“My message is that we cannot wait. Our businesses cannot wait. The rate is scheduled to change on Jan. 1, well before legislation could be fast-tracked through the House and Senate. Businesses are making decisions now and will be through the rest of this year based on the prospect of that rate change,” Hinch said. “This affects their hiring decisions this year. This affects their ability to purchase capital equipment this year. To ask businesses to ‘wait and see’ if the legislature does something in seven months doesn’t make sense.”

But Democrats said the trigger to change the rate is tied to the state comprehensive financial audit which will not be completed until December.

“The trigger has been in the budget since it passed in September. We were all aware of the trigger and how it works,” said House Finance Chair Mary Jane Wallner, D-Concord. “At this point we do not have the kind of information we need to make this kind of decision.”
The change would have a major impact on the budget next year and beyond, Democrats noted.

Committee member and inn owner Rep. Ed Butler, D-Hart’s Location, said the change in the business tax rates would not be the deciding factor if a business survives or not. 

“The impact of this tax will be minimal if felt at all by my business or other small businesses,” he said. “Having the information necessary to understand the impact is critically important.”

Rep. Lucy Weber, D-Walpole, said many large corporations are doing better than they ever have due to the pandemic and suggested lawmakers ought to determine who benefits most from blocking the rate increase.

After the vote, Hinch said the Democrats’ action will slow the state’s economic rebound.

“By rejecting this proposal, Democrats may have decreased our economy’s ability to bounce back quickly and prolonged the time it will take for our small businesses to recover,” Hinch said.

He said he intends to introduce his proposal at the June 11 session at the Whittemore Center on the University of New Hampshire’s Durham campus.

Constitutional Amendment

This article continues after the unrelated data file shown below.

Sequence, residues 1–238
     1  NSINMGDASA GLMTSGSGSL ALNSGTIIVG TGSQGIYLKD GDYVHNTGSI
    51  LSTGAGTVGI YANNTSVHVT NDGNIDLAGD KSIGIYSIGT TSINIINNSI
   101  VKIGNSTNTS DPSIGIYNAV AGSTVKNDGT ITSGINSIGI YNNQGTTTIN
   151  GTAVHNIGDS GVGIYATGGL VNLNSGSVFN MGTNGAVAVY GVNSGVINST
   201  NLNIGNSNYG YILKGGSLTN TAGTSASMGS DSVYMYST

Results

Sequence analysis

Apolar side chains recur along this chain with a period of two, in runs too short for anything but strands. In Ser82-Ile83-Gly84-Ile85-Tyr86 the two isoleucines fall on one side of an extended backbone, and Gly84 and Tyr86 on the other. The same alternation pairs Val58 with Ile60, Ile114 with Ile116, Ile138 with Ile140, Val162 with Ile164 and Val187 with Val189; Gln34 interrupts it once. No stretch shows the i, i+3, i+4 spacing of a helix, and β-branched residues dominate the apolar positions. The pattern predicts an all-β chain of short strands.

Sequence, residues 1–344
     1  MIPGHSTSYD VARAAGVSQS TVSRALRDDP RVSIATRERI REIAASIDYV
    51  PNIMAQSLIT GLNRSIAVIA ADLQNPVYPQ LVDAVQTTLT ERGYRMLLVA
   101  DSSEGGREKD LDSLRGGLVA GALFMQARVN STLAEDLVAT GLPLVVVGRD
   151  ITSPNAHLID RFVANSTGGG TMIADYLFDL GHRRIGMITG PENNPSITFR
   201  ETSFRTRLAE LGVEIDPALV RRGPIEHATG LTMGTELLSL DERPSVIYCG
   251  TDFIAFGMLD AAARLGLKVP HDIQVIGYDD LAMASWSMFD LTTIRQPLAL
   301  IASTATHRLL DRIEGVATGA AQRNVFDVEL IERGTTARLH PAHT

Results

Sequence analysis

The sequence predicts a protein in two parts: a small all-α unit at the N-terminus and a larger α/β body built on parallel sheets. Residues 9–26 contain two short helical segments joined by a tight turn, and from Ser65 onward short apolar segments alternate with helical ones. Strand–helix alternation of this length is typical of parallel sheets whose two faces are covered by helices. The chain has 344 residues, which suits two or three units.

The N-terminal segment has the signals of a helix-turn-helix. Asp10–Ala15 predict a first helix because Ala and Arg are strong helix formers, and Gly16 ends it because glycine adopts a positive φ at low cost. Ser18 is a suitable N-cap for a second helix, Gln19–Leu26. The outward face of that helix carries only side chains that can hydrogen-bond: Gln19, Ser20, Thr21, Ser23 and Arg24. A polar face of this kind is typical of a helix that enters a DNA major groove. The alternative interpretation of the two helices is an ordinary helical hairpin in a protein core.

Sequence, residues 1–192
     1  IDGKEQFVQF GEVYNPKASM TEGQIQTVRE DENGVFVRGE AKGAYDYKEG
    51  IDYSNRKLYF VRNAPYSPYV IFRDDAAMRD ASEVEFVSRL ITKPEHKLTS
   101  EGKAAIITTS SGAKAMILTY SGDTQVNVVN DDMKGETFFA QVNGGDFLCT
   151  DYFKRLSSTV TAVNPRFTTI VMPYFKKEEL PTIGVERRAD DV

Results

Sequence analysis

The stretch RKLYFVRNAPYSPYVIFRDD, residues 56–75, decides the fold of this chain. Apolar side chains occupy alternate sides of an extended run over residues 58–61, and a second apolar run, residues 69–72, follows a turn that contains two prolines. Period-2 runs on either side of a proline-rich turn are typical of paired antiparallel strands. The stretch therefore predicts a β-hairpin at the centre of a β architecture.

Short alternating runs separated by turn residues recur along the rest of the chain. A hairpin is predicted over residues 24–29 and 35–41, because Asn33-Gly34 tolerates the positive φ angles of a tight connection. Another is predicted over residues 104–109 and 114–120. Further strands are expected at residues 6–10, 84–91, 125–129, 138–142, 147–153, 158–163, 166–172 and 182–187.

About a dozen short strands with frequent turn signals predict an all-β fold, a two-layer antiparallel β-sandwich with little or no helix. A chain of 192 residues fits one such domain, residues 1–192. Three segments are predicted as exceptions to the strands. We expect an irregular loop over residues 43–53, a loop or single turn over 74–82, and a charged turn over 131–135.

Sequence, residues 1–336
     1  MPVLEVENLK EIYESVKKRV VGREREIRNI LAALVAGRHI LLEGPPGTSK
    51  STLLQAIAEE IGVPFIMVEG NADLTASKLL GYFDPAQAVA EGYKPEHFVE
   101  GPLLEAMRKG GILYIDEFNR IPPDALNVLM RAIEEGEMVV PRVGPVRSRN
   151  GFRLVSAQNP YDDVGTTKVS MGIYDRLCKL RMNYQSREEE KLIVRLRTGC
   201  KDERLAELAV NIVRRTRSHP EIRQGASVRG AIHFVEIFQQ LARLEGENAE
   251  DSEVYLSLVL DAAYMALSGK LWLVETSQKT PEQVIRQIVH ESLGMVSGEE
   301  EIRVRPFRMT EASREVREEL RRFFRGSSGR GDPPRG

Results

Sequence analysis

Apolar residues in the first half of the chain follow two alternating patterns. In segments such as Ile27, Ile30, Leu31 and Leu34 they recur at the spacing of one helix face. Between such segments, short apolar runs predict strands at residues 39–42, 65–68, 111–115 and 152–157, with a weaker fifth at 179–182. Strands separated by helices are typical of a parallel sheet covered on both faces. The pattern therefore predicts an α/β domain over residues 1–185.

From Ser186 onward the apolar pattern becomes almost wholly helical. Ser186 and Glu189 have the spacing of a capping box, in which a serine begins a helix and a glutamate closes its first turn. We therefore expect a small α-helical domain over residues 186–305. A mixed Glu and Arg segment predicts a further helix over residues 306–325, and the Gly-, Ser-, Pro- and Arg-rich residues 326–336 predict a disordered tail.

Also, on a partisan vote, the Rules Committee voted 6-4 to allow Shurtleff to introduce a proposed constitutional amendment to allow the House to meet remotely in times of emergencies.

Under the constitution, the House has to meet in the State House in Representative’s Hall, with an exception passed after Pearl Harbor for a national emergency when the nation is at war.

Shurtleff’s proposed amendment would remove the “at war” and allow remote sessions during a national or state emergency declaration.

Noting the importance of the health and welfare of members of the New Hampshire House, Shurtleff said there needs to be a mechanism to allow the House to meet remotely in different locations.

Hinch said he understands the genesis of the change, but said he believes any change in the constitution requires thoughtful vetting, and there will not be time for that.

He and the other Republicans on the committee voted against allowing the proposed constitutional amendment to be introduced.

A constitutional amendment requires a three-fifths vote of the House and the Senate and a two-thirds majority of voters at the next general election.

Shurtleff and Senate President Donna Soucy suspended legislative work in mid-March and closed the State House and Legislative Office Building due to the coronavirus’ spread throughout New Hampshire.

Stale Beer

The Rules Committee did reach bipartisan agreement on a proposal from Rep. Andy Prout, R-Hudson, to allow restaurants and bars to sell their keg beer in growlers during a state of emergency like the one declared for the coronavirus.

He said many restaurants and bars lost money when they had to destroy their keg beer that went stale while they were shut down under Sununu’s stay-at-home order which closed all restaurants and bars, except for take-out.

Sununu modified his order to allow the sale of beer and wine in bottles or cans, but not growlers as Prout proposes.

The committee voted 10-0 to allow the proposed bill to be drafted and introduced at next week’s session.

Garry Rayno may be reached at